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Read what advocate Vishnu Jain put forward as reasons to remove “Socialist” and “Secular” from Preamble of Constitution, which Supreme Court didn’t have time to hear about

Notably, the petitions have been filed by Rajya Sabha MP Subramanian Swamy and SC advocate Vishnu Shankar Jain. While Rajya Sabha MP and CPI leader Binoy Viswam had approached the court to oppose the plea.

On Monday (29th April), the Supreme Court of India adjourned the Public Interest Litigation (PIL) seeking the deletion of the words “socialist” and “secular” from the Preamble to the Indian Constitution. After brief arguments, the Court adjourned the matter to July citing “too many matters and heavy board for the day”.

Notably, the petitions have been filed by Rajya Sabha MP Subramanian Swamy and SC advocate Vishnu Shankar Jain. While Rajya Sabha MP and CPI leader Binoy Viswam had approached the court to oppose the plea.

The matter is being heard by a two-judge bench comprising Justices Sanjiv Khanna and Dipankar Datta. As soon as the today’s hearing began, one of the counsels observed that this is a ‘Constitutional question’. Responding to Subramanian Swamy, Justice Khanna deferred the matter to July, that is, after the court’s summer vacations. 

The counsel suggested to the court that the bench could pose questions so that the petitioners could provide answers on record.

However, Justice Khanna noted that the court had a “very heavy board today” and consequently adjourned the matter. 

After the court hearing, one of the petitioners in the case, Vishnu Jain tweeted, “Today the SC heard the matter werein i have challenged the word secular and socialist appearing in the preamble of the constitution of india. The court has listed the matter in July.” 

The PILs have created a strong buzz on social media with many netizens advocating in favour of these petitions highlighting that the terms ‘Socialist’ and ‘Secular’ were added via the 42nd constitutional amendment, during the infamous Emergency period.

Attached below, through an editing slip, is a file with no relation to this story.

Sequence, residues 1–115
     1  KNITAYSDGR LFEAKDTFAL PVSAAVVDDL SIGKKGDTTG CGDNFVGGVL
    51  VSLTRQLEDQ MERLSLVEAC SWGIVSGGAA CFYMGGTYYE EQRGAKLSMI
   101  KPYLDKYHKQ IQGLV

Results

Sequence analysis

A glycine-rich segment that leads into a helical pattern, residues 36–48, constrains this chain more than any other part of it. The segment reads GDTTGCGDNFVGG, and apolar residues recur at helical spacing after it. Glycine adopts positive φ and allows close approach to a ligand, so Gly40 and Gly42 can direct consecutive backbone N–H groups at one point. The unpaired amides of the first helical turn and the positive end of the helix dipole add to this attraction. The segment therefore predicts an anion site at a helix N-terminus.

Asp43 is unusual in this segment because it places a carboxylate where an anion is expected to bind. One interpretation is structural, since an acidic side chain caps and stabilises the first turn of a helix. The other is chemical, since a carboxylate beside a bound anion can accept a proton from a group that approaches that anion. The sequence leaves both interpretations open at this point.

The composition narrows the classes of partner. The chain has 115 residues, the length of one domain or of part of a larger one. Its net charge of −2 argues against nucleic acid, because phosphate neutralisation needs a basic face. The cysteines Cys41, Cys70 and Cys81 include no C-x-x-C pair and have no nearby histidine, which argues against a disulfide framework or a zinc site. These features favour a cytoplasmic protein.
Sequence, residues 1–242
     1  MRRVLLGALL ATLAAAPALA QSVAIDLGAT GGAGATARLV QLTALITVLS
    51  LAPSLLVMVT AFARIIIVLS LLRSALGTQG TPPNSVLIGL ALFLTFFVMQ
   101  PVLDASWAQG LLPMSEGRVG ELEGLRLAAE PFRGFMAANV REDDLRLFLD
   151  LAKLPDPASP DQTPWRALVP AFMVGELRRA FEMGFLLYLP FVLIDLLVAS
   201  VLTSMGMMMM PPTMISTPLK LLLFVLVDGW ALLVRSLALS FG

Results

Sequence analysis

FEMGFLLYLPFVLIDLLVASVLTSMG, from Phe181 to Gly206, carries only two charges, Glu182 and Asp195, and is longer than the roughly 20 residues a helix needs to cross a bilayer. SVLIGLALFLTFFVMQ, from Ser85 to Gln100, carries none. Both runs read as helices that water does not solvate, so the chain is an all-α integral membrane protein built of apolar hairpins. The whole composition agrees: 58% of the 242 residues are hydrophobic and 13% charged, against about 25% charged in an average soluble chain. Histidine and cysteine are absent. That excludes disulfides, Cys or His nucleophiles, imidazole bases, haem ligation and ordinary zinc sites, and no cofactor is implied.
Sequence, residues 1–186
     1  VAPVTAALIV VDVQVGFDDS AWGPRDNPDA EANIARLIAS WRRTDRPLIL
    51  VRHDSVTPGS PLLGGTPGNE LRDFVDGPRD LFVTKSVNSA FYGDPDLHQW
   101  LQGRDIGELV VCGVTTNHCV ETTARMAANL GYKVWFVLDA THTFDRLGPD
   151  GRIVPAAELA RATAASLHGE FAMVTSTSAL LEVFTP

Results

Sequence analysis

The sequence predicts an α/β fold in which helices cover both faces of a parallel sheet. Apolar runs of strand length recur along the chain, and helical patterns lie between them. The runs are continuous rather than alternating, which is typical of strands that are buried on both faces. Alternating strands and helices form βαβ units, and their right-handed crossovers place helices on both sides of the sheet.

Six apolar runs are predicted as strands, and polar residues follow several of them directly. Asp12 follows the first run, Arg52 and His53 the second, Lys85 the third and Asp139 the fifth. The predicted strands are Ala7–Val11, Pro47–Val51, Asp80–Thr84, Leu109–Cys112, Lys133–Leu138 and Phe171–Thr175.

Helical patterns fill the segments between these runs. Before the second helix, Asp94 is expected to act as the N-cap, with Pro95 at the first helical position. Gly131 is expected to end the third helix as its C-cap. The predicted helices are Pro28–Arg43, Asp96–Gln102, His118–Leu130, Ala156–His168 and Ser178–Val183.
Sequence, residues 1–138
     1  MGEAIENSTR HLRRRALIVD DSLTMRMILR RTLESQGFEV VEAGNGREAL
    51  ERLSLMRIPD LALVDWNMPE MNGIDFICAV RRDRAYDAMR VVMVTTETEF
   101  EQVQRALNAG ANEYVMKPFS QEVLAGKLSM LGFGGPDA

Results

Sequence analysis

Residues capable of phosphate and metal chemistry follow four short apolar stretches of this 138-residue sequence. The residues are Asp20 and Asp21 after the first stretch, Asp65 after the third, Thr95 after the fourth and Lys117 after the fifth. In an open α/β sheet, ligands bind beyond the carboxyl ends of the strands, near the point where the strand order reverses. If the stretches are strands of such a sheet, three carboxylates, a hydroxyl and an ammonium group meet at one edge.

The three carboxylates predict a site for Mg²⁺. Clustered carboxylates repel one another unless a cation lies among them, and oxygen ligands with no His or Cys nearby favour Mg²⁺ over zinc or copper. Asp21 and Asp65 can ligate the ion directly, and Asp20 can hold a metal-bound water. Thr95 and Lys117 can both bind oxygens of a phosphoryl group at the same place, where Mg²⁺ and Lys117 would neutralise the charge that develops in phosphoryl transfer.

Meanwhile, during the last hearing in February 2024, the top court raised a query asking whether the Preamble of the Constitution could be amended while keeping the date of adoption, 26th November 1949, intact. 

Justice Datta said, “For the academic purpose, can a Preamble that has the date mentioned, be changed without altering the date of adoption. Otherwise, yes the Preamble can be amended. There is no problem with that.”

Responding to the court’s observation, Swamy replied, “That’s precisely the question in the matter.” 

Justice Datta further stated, “This is perhaps the only Preamble I have seen which comes with a date. We give this Constitution to us on so and so date … originally these two words (Socialist and Secular) were not there.” 

Vishnu Jain argued that the Preamble of Constitution of India comes with a specific date, therefore it cannot be amended without discussion.

Swamy in his petition had said that the two words, inserted in the Preamble through the 42nd Constitution Amendment Act of 1976 during the Emergency, violated the basic structure doctrine enunciated in the famous Kesavananda Bharati judgment by the 13-judge bench in 1973, by which Parliament’s power to amend the Constitution was barred from tinkering with the basic features of the Constitution.

Swamy had contended, “The framers of the Constitution had specifically rejected the inclusion of these two words in the Constitution and alleged that these two words were thrust upon the citizens even when the framers never had intended to introduce socialist and secular concepts in democratic governance.” 

It is argued that such insertion was beyond the amending power of the Parliament under Article 368.

Rajya Sabha MP and the CPI leader Binoy Viswam had also approached the Supreme Court to oppose the pleas claiming that ‘secularism and socialism’ are inherent and basic features of the Constitution.

In February, the court had adjourned the hearing until 29th April, but as soon as the bench assembled today to hear the pleas, it once again adjourned the matter to the next hearing in July.

Ayodhra Ram Mandir special coverage by OpIndia

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Paurush Gupta
Paurush Gupta
Proud Bhartiya, Hindu, Karma believer. Accidental Journalist who loves to read and write. Keen observer of National Politics and Geopolitics. Cinephile.

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